What's the most wrong you've ever been?
I mean really wrong. Not, like, getting-the-capital-of-Illinois wrong. Not predicting-the-Mets-to-win-the-World-Series wrong. I am talking wrong wrong, a realm of inaccuracy known not even by Columbus (when he thought he'd reached the Indies) or the guys who thought New Coke was a good idea.
What I'm saying is that there's wrong ... and then there’s Clifford Stoll’s NEWSWEEK essay about the Internet from 1995.
Let's get this over with. Here is a list of things Stoll calls "baloney" on—each and every one of which has a thriving utility in 2010:
- interactive libraries
- multimedia classrooms
- electronic town meetings
- virtual communities
- taking a computer to the beach
- getting books and newspapers online
- e-commerce, online shopping, and e-payments
- booking airline tickets and restaurant reservations
Stoll also complains at length that it is nigh on impossible to use this Internet contraption to find the date of the Battle of Trafalgar. The headline—THE INTERNET? BAH!—reads as if Montgomery Burns was working the NEWSWEEK copy desk that night. And so on. You get the idea.
Most Americans are not in the habit of sending around 15-year-old NEWSWEEK columns, but they make an exception for Stoll. This is an essay that will not die—the only thing worse for a writer than an essay that no one remembers. Stoll's "Bah!" lives on in tweets—"a hilarious cane-waving Newsweek article from '95. Can't stop laughing"—and blog posts and never-ending e-mail chains. FW: FW: FW: FW: FW: fwd: fwd: Newsweek on why the internet will fail - bananas!! In March 2008, the piece received 3,663 Diggs. Decca Records didn't get this much heat for passing on the Beatles.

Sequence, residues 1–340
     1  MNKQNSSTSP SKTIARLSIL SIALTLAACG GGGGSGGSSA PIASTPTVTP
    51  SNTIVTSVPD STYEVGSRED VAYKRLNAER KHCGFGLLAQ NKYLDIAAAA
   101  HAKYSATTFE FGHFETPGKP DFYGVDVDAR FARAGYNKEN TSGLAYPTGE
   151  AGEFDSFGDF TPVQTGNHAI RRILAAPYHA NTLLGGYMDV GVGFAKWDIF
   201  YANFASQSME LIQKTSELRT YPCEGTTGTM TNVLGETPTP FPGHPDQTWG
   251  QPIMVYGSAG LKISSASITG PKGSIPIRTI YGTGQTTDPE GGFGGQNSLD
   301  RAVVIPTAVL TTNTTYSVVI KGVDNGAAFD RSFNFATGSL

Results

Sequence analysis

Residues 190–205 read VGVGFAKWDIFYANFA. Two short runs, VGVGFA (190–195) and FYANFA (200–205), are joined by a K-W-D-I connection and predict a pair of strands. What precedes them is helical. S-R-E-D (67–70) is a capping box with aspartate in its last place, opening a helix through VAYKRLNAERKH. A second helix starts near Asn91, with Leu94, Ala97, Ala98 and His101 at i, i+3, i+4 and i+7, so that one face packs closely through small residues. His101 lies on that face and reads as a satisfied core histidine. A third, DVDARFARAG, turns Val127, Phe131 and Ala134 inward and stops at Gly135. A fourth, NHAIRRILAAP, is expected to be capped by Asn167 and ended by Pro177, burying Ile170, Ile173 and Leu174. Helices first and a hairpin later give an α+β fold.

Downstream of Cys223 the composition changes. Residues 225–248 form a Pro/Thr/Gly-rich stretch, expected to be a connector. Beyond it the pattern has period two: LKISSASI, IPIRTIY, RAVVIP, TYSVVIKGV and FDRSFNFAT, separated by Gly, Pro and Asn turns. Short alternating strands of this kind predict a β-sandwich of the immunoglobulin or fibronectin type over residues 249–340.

It's getting to be a little much. Our Mark Coatney, who is something of a living rebuttal to Stoll in that he mans NEWSWEEK's Twitter and Tumblr feeds all day, blogged about this last week, after seeing a NEWSWEEK/Internet/1995/morons tweet for the umpteenth time. "While this does crack us up," Coatney wrote, "... in many ways, Cliff Stoll wasn't wrong. The Internet really did suck then, and it really was a huckster’s paradise. But the fatal flaw in his argument was his assumption that it was never going to get any better." Today, undoubtedly, we all have beliefs about the future of the digital age that would seem hilarious when viewed from 2025.
Now, what does Stoll have to say about all of this? Oh, right, I can use the Internet to find out. The answer is that he is being a good sport. He saw his folly highlighted on Boing Boing last week, and contributed this comment:
“Of my many mistakes, flubs, and howlers, few have been as public as my 1995 howler.
At the time, I was trying to speak against the tide of futuristic commentary on how The Internet Will Solve Our Problems.
Gives me pause. Most of my screwups have had limited publicity: Forgetting my lines in my 4th grade play. Misidentifying a Gilbert and Sullivan song while suddenly drafted to fill in as announcer on a classical radio station. Wasting a week hunting for planets interior to Mercury’s orbit using an infrared system with a noise level so high that it couldn’t possibly detect ‘em. Heck—trying to dry my sneakers in a microwave oven (a quarter century later, there’s still a smudge on the kitchen ceiling)
And, as I’ve laughed at others’ foibles, I think back to some of my own cringeworthy contributions.
Now, whenever I think I know what’s happening, I temper my thoughts: Might be wrong, Cliff …
Warm cheers to all,
—Cliff Stoll on a rainy Friday afternoon in Oakland”
If Cliff Stoll was an Internet curmudgeon, then he has aged into a magnanimous one. A class act, on the Web? In 1995, no one could have predicted that.